Financial education is all the rage but does it work?

Reaching consumers with advice and information just before making a financial decision is the new target. But is that really more effective than teaching personal finance in K-12?

Critics of financial education raise a number of valid concerns. But their main argument typically reduces to this: you can teach people about financial concepts, but acquiring this knowledge rarely changes their financial behavior. In other words those who, say, master the concept of compound growth are no more likely to take advantage of their understanding and save early for retirement, as you might expect. If you can’t change money behavior, what’s the point?

This argument, supported in academic research, has given rise to the idea of just-in-time financial education—a fairly new term that strikes me as a close cousin, or perhaps even successor, to an older idea called point-of-sale advice. The theory is that people learn best—and make better decisions—when they get information just as they are about to make a money decision.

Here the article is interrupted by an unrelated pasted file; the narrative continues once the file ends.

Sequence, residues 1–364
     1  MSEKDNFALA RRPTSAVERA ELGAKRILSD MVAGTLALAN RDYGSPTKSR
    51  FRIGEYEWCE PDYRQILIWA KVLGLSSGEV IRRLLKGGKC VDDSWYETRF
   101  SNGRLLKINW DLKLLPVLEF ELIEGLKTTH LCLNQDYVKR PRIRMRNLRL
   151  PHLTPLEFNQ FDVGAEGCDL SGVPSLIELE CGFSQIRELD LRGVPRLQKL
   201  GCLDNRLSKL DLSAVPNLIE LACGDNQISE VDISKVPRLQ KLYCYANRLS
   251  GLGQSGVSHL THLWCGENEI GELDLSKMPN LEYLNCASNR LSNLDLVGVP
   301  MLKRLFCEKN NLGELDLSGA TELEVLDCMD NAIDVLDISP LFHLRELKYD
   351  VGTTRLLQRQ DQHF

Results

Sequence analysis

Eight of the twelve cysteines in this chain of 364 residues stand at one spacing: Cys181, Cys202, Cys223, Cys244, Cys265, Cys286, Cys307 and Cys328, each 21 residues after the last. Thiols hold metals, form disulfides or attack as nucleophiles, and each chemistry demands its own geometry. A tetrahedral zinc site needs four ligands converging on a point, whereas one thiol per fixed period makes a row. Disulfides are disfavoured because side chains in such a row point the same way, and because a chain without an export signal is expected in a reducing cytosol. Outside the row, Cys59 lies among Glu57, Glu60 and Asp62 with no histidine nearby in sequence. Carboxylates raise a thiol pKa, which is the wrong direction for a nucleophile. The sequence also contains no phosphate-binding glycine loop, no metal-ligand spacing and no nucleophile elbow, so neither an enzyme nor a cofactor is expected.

The National Endowment for Financial Education, in a report, concluded “just-in-time financial information must be available throughout each stage of life so individuals can acquire knowledge and change behavior during points in their lives when they are motivated to change.”

A new and widely read study from three business school professors—Daniel Fernandes of Erasmus University in the Netherlands and the Catholic University of Portugal, John G. Lynch of the University of Colorado and Richard Netemeyer of the University of Virginia—showed the “decay of effects of financial education” over time and implied that “content knowledge may be better conveyed via just-in-time financial education tied to a particular decision.”

In a recent blog for the The New York Times, behavioral economist Richard Thaler wrote, “We shouldn’t fool ourselves into thinking that adding a household finance class to a high school curriculum will in itself create knowledgeable consumers who can understand today’s wide array of financial products.”

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